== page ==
- Malawi: Cholera Outbreak - Nov 2017
- Southern Africa: Armyworm Infestation - Jan 2017
- Southern Africa: Floods - Jan 2017
- Malawi: Cholera Outbreak - Dec 2015
- Southern Africa: Food Insecurity - 2015-2017
- Mozambique/Malawi: Cholera Outbreak - Feb 2015
- Southern Africa: Floods - Jan 2015
- Malawi: Floods - Jan 2013
- Malawi: Food Insecurity - 2012-2014
- Mozambique: Storms and Floods - Jan 2012
Maps & Infographics
Most read (last 30 days)
- WHO urges Karonga District Health Office to intensify Cholera outbreak interventions in identified risk areas of the district
- UNICEF Malawi Year-end Humanitarian Situation Report January – December 2017
- Malawi: Flood Situation Update No. 1 (as of 12 February 2018)
- ACT Alliance Alert: Drought Emergency in Malawi
- Poor rains and crop infestation threaten deeper hunger across southern Africa
Cholera cases soar in Malawi following spread of disease from Zambia
BLANTYRE, Feb 19 (Reuters) - Cholera cases in Malawi have tripled and four more people have died, the Ministry of Health said on Monday, a month after the spread of the disease from Zambia was thought to have been contained.
Written by Sellah Singini
Dedza, February 15, 2018: Dedza District Environmental Health Office says has registered one confirmed case of cholera, the district’s health officials have confirmed.
Speaking in an interview with Malawi News Agency, District Environmental Health Officer (DEHO), Sydney Paul, said a cholera suspect was reported to Dedza District Health Office on 10th February, 2018 and was admitted at Mua Mission Hospital.
This update is produced jointly by the Department of Disaster Management Affairs (DoDMA) of Malawi and the United Nations Office of the Resident Coordinator in Malawi, in collaboration with humanitarian partners. The report is as of 12th February, 2018.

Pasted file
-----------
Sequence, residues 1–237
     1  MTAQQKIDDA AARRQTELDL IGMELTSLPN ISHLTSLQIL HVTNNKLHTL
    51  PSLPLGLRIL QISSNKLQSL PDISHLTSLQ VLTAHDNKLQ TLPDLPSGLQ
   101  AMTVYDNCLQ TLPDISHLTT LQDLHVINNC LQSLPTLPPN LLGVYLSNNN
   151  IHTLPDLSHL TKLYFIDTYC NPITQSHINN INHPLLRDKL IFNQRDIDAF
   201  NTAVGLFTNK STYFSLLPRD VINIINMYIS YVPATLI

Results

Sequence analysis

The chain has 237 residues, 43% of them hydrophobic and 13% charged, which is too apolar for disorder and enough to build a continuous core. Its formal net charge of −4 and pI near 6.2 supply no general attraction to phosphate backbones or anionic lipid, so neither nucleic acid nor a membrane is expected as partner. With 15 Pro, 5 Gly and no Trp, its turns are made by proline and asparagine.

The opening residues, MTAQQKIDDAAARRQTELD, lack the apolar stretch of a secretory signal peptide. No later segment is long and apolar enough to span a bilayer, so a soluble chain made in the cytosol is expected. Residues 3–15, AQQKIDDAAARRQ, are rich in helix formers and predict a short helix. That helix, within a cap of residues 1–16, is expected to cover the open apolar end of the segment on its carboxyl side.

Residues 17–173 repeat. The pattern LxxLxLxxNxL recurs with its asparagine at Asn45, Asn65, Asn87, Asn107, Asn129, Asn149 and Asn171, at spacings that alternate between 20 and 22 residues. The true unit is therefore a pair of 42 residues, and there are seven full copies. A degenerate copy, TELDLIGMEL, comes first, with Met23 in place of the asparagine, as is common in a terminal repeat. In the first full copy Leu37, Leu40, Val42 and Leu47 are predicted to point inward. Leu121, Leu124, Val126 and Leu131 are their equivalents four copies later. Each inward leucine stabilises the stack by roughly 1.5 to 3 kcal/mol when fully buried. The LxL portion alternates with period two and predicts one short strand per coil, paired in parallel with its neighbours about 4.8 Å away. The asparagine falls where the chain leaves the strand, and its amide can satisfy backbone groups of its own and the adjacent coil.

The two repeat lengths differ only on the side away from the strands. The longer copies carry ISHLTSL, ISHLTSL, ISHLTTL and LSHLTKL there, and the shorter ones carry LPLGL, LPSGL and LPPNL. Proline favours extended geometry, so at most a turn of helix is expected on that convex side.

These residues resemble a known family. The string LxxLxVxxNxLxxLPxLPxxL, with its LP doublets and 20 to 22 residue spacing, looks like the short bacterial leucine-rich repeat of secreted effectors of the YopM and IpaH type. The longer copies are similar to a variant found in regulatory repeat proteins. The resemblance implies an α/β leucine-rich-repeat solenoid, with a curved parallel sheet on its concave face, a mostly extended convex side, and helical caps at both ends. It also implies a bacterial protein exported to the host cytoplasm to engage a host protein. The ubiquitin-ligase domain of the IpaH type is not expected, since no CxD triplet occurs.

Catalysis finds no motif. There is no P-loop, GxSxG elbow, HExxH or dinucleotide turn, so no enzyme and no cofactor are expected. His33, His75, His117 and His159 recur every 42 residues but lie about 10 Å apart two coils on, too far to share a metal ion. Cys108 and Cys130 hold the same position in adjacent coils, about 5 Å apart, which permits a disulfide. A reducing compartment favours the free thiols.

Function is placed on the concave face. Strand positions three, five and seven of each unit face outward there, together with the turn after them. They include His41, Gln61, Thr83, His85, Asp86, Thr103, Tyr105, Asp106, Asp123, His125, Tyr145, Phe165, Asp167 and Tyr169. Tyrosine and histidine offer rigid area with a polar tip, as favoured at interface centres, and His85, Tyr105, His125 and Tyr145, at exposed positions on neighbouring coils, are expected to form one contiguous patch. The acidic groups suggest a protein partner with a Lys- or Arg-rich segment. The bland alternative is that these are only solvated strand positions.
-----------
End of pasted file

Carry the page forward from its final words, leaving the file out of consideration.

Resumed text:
Early action crucial to avert crisis
09 February 2018, Johannesburg/Harare - Prolonged dry spells, erratic rainfall, high temperatures and the presence of the voracious fall armyworm have significantly dampened Southern Africa’s current agricultural season’s cereal production prospects. Early action in the form of consolidating information through assessments and anticipatory measures that reduce the impact of threats are crucial for an effective response.
A preliminary report has indicated that floods that hit most parts of T/As Kalonga and Pemba in Salima District on Wednesday night; have affected 105 households.
The report further states that 27 families have been displaced and have since been relocated to a camp which the council has set in T/A Kalonga’s jurisdiction.
“The council has so far provided buckets, chlorine, mosquito nets, maize and beans for use by people residing at the camp,” reads part of the report.
JOHANNESBURG – The twin scourges of another prolonged dry spell and an invasive crop-eating worm are set to sharply curtail harvests across southern Africa, driving millions of people – most of them children – into severe hunger, warns the United Nations World Food Programme (WFP).
Food Security situation has improved significantly compared to 2015/16 cropping year
Onset of rains was normal and well distributed in central and southern areas. A few districts in the south experienced dry spell in the month of February.
Fall army worms attacked maize in all regions with varying intensity and the impact on production was not significant
Tobacco production has continued to decline due to low prices being offered by buyers.
Heavy rains that poured on the night of Wednesday, February 7 have damaged structures, most of them dwelling places, in Karonga, Lilongwe and Salima Districts, Department of Disaster Management Affairs’ Chief Relief and Rehabilitation Officer confirmed the development.
Fyawupi Mwafongo said heavy downpours caused the flooding of the North Rukuru River, affecting a number of households in Karonga District.
Malawi is experiencing the most severe prolonged dry spells and fall army worm infestation which have threatened agricultural production of 3.8 million people (Ministry of Agriculture, Irrigation and Water Development Report 2018). With little or no rain still not falling in some parts of the country and fall army worms still destroying crop fields the outlook is alarming which will result in hunger to over 3.8 million people up to next growing season (Ministry of Agriculture, Irrigation and Water Development Report 2018).